And based on the article what would people suggest in terms on long term savings ie.
Freetrade vs Nutmeg

In simple words, rebalancing is buying/selling over- and underperforming stocks based on your investment strategy. For example, say you decide to keep 50% of your savings in company A and 50% in company B, which is how you spend your first £200 (£100 in each). However, in a year’s time you company A is worth £200 and company B is still worth £100. Overall you achieved 50% growth (exaggerated for simplicity) but your split is now 67% vs 33%. Therefore, you sell £50 of company A and buy more of company B to retain equal split.

The general rule is, the less frequent rebalancing is, the cheaper it is (cost of transaction and analytics). The reason why index trackers are low-cost is that there is very limited analysis involved - you simply copy the index, which in essence is dependent on each component’s performance. For example, if Microsoft’s weight in the S&P 500 index is 4.2%, index ETFs will ensure that 4.2% of their value is in MSFT, and so forth. The only question is how often they rebalance in case the valuations drastically change. For one ETF it could be daily, for another it could be quarterly, which will have an effect on net fees since transactions cost money.

If you need a very true representation of the market, you would probably go with an ETF that rebalances often. If you are not too concerned about it (Northern Trust also concluded that frequent rebalancing is not often beneficial), you may be better off with the one that is not too active.

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Rebalancing is periodically buying/selling in order to bring your portfolio back into line with your plan.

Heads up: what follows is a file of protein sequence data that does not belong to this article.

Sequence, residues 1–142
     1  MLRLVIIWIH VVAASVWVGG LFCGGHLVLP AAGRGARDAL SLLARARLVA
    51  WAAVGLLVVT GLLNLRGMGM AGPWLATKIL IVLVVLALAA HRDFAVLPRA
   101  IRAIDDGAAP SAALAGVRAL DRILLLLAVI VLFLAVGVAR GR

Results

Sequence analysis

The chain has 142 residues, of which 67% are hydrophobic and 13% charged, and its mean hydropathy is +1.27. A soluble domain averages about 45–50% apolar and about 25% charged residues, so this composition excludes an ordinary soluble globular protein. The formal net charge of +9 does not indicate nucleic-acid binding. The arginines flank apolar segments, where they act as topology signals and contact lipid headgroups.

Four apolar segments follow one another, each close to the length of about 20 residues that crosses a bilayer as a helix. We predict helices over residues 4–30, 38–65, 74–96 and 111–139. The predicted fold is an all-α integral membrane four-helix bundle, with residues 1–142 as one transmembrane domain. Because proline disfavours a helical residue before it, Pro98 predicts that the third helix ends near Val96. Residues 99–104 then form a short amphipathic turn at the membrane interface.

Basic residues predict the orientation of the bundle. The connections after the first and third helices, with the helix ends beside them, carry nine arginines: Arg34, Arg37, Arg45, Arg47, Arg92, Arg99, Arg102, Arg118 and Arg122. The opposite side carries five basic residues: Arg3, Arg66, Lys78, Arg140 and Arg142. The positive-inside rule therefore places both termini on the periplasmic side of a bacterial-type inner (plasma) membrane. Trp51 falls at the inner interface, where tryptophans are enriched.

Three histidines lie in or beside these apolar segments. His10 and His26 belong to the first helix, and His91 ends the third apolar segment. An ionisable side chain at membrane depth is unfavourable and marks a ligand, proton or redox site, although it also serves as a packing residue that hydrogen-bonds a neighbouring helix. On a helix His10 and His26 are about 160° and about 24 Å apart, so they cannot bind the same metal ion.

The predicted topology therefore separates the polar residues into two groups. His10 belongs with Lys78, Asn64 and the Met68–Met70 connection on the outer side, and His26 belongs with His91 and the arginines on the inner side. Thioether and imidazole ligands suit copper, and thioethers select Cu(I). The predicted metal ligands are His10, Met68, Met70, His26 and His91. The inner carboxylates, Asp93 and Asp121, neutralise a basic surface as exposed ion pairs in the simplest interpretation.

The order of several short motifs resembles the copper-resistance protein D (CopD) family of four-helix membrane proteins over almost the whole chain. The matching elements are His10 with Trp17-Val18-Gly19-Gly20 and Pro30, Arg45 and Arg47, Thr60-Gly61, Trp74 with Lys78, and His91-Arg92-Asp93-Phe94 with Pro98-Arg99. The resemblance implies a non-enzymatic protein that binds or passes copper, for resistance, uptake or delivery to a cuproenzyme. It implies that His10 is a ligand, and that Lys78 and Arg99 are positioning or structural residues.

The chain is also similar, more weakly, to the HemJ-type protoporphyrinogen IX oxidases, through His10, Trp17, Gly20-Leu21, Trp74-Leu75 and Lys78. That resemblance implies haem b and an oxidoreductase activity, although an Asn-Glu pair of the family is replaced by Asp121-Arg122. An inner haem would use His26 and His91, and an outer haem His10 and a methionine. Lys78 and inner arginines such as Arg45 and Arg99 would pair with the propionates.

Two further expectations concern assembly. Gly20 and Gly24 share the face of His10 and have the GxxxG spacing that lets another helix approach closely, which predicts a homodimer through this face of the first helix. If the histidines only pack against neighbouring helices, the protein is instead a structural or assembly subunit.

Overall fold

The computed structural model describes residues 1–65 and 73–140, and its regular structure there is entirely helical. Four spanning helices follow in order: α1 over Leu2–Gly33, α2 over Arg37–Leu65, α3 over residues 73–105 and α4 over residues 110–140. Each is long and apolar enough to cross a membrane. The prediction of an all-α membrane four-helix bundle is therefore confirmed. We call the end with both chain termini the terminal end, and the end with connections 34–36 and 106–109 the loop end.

Eg if your plan was to have 80% stocks and 20% bonds, then once a month/quarter/year/whatever feels good you might check to see the values of your portfolio. If it’s now 84% stocks and 16% bonds, you’d sell some stocks, buy some bonds to being it back in line.

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Nutmeg and other robo-advisors are all unnecessary businesses with pointless fees. I wrote a little overview of what their fees represent and how you could easily avoid them and save a lot by investing in the ETFs directly.

Taking Nutmeg’s cheapest option into account (0.45% fee), you will pay £0.69 per week if your portfolio is above ~£8,000, and this £0.69 equates to the cost of Freetrade’s ISA, £36 per year. If your portfolio is less than £8,000 it is even more beneficial to simply stick to Freetrade’s GIA since you have no risk of tax with such a low amount. This is all exclusive of the ETF fees, which are added onto the costs outlined above.

Taking into account Freetrade’s regressive fee structure, the richer you become, the more negligible the fee becomes. I do not quite see any other provider in the UK who could offer comparable value.